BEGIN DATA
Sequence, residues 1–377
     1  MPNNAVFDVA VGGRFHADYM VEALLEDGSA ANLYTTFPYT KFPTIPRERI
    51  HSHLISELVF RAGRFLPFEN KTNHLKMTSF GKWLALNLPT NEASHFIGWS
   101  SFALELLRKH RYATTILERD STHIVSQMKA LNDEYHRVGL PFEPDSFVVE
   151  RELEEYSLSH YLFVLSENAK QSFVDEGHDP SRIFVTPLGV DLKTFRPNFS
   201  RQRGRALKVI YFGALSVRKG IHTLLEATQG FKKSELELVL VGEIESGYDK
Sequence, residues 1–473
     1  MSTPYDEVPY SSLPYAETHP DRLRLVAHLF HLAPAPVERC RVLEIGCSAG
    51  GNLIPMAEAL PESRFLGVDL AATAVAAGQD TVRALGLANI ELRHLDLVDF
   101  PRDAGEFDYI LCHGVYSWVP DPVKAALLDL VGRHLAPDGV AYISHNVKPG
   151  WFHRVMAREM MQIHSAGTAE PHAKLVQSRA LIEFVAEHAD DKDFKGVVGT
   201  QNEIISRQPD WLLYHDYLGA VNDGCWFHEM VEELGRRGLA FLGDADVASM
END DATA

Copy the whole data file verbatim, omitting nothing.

Sequence, residues 1–377
     1  MPNNAVFDVA VGGRFHADYM VEALLEDGSA ANLYTTFPYT KFPTIPRERI
    51  HSHLISELVF RAGRFLPFEN KTNHLKMTSF GKWLALNLPT NEASHFIGWS
   101  SFALELLRKH RYATTILERD STHIVSQMKA LNDEYHRVGL PFEPDSFVVE
   151  RELEEYSLSH YLFVLSENAK QSFVDEGHDP SRIFVTPLGV DLKTFRPNFS
   201  RQRGRALKVI YFGALSVRKG IHTLLEATQG FKKSELELVL VGEIESGYDK
Sequence, residues 1–473
     1  MSTPYDEVPY SSLPYAETHP DRLRLVAHLF HLAPAPVERC RVLEIGCSAG
    51  GNLIPMAEAL PESRFLGVDL AATAVAAGQD TVRALGLANI ELRHLDLVDF
   101  PRDAGEFDYI LCHGVYSWVP DPVKAALLDL VGRHLAPDGV AYISHNVKPG
   151  WFHRVMAREM MQIHSAGTAE PHAKLVQSRA LIEFVAEHAD DKDFKGVVGT
   201  QNEIISRQPD WLLYHDYLGA VNDGCWFHEM VEELGRRGLA FLGDADVASM